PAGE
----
Game Review: Assassins Creed Unity

After years of treading water, Ubisoft finally gives the series an overhaul. It’s a welcome change, thought the results are somewhat mixed.

After six main entries, every gamer pretty much knows what to expect from an Assassin’s Creed game. Get cast in the role of some type of miscreant, don the well known white robes, interact with historical figures and kill them. It has sold well, but the formula had become a bit tiring. Unity finds Ubisoft not just tinkering with that formula, but showing signs of wanting to begin breaking with it. In the role of Arno Victor Dorian, the player is cast into the world of revolutionary Paris, which apparently has been rendered in 1 to 1 scale. The revolution, though, is little more than window dressing. Rather than assassinating important historical figures to paternalistically shape the course of human events, Arno is on a personal quest for revenge. A sort of samurai revenge tale set in revolutionary paris starring an Austrian assassin who speaks english with a british accent.

Many of the pointless and convoluted toys from the last few entries are gone. No double blade, no hook blade, no blowgun, harpoons, etc. The player is given just two active weapons: a gun and a sword. Melee combat is redesigned with the animations being based on fencing. The one hit kill counter attacks have also been removed and are replaced by a parry system. The player must time parries perfectly to stagger opponents and create openings for attack. The missions play out a little differently than in past entries. There is little in the way of hand holding. Instead, players are shown a quick overview of the mission area with target information, locations of distractions, etc., and are then turned loose to complete the mission as they see fit. Some reviewers criticized this as being too difficult, this writer found it to be a welcome challenge.

In addition to the combat, mission structure, and graphical improvements, the stealth mechanic has also been improved. Yes, you can still blend into crowds and duck out in bushes, but Unity also boasts an active sneak system as well as the ability to take cover behind objects and walls. This new ability proves to be extra helpful when tackling missions in Unity’s new indoor environments. All this praise, however, does not come without criticism. Unity does have its fair share of flaws.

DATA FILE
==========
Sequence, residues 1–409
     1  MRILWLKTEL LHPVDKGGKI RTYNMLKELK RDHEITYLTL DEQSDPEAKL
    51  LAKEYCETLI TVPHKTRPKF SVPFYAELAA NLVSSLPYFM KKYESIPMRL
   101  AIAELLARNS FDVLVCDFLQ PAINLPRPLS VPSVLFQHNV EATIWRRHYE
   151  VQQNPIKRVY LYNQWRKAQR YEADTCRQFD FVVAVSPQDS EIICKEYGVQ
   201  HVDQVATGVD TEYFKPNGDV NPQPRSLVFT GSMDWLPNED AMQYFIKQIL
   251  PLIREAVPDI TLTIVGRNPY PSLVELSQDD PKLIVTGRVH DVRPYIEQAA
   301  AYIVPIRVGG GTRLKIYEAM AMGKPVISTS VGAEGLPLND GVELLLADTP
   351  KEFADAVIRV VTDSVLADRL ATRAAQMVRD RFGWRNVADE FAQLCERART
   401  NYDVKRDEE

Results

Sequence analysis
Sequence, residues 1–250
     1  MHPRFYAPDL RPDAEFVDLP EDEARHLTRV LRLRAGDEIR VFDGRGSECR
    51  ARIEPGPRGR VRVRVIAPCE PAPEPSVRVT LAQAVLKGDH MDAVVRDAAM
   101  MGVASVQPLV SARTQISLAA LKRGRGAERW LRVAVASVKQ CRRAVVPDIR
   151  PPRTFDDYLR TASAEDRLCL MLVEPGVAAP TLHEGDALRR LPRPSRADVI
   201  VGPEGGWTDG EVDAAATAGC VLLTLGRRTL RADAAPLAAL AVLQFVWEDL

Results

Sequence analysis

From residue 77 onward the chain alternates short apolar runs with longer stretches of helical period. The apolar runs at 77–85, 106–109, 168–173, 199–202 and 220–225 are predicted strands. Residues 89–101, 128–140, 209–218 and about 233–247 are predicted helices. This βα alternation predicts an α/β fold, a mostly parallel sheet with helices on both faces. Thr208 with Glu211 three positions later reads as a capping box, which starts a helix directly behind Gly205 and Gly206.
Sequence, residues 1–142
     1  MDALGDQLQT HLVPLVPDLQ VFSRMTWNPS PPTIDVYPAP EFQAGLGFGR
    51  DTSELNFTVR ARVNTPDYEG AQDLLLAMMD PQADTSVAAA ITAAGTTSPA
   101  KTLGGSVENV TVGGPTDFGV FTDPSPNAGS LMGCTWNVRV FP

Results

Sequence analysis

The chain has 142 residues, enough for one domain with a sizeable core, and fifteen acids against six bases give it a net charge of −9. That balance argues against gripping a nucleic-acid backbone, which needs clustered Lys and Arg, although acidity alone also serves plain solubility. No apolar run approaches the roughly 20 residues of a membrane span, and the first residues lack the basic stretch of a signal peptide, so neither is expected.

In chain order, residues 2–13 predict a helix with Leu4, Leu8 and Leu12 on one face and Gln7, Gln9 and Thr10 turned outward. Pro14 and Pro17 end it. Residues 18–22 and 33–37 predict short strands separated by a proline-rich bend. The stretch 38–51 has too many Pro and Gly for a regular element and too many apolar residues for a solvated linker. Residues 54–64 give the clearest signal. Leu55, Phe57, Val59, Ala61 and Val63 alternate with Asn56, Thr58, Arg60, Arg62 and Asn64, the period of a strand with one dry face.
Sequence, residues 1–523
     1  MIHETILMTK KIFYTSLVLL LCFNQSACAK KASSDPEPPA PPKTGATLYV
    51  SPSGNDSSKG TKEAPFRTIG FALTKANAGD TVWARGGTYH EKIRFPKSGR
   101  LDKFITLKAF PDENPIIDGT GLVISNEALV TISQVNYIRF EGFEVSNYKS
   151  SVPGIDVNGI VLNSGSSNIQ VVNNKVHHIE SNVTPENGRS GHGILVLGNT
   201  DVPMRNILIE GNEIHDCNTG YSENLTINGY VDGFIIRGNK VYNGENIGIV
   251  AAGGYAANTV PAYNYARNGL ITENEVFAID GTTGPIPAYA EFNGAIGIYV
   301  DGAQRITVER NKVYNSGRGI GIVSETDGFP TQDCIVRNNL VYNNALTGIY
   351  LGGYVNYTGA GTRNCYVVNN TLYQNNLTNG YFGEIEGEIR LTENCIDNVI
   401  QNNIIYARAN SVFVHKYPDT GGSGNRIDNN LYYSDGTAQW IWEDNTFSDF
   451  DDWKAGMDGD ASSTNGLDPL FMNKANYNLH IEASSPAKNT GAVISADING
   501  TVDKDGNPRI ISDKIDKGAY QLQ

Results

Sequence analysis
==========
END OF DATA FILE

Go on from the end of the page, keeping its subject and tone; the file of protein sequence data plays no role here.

Ubisoft can create a beautifully detailed open world, but they seem to have some problems in filling it with things to do. The side missions are still incredibly limited. There are three slightly different flavours of assassination side missions and chasing down Nostradamus riddles. The side assassinations are fun at first, but begin to run together after a while. The murder mystery side jobs were an interesting addition, however. I also experienced some control issues. Most notably the running in place problem that has persisted since at least the second entry. Gamers familiar with the series will know what I am speaking of. When free running, and trying to move between two surfaces, say a rope to a roof or vice versa, instead of making the transition, he will run in place for several seconds. During co-op missions, I also noticed that Arno had a tendency to get stuck waist deep in the ground. There was also a rather annoying problem where everything would be rendered too dark to see after exiting the pause menu. This could usually be fixed by fast traveling, but was slightly vexing nonetheless.

Unity definitely seemed like it could have used some more polish before release, but was mostly an enjoyable experience. From a gameplay perspective, if this is an indication of the direction Ubisoft wants to take the series from here on out, then I applaud them.

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